[0029] Continuing with FIG. 4, two sets of keyholes 112, 114, are located on different centers to accept mounting screws for mounting the body member to different size outlet boxes. Keyholes 114 are for mounting the lampholder to a three and one-quarter inch electric outlet box, and keyholes 112 are for mounting the lampholder to a four inch electric outlet box. The heads of the screws, when tightened, are below the top surface of the disc shaped member 100. Normally the outlet box has mounting screws which are provided by the manufacturer and are threaded partially into the mounting ears of the outlet box. Therefore, to attach the lampholder to the outlet box, the large end apertures 116 of keyholes 112 are placed over the screw heads of a four inch outlet box, pushed down toward the box until the screw heads pass through the large end apertures, and is then rotated clockwise to position the threaded bodies of the screws into elongated slots 118. The screws are tightened to complete the assembly of the lampholder 100 to the electric outlet box. For a three and one-half inch electric outlet box, the procedure for mounting the disc is similar, except the orientation of the keyholes are reversed and, therefore, the lampholder is rotated in a counter-clockwise direction when being attached to an outlet box.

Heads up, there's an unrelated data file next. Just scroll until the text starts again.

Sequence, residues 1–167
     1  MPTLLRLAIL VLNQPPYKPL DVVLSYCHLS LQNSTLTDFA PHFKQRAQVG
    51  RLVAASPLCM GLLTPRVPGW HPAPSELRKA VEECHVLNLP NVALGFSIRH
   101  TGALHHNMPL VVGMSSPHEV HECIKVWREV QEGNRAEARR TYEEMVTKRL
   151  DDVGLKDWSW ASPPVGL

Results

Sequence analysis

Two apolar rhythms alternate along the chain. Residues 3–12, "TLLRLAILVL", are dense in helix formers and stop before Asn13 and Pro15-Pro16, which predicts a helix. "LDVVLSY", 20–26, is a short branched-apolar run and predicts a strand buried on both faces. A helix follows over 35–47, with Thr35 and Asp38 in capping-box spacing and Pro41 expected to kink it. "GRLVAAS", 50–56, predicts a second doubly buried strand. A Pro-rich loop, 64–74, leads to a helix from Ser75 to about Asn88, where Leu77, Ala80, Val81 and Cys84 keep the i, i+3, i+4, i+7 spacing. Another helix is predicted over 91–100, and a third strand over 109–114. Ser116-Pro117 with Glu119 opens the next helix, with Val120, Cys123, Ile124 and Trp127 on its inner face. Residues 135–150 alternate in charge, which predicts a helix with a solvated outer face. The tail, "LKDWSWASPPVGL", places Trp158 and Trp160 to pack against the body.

[0030] Referring to FIG. 5, there is shown a rear perspective view of the lampholder of FIG. 4. Attached to the bottom surface of the lampholder with adhesive, rivets or any convenient means is a disc shaped terminal mounting member 120 which is provided to support electrical spring contacts positioned to engage the pin contacts of a fluorescent lamp. FIG. 6 is a view of the top side of the disc shaped terminal mounting member 120 showing the electrical contact support members 130 and the electrical contacts positioned in the support members.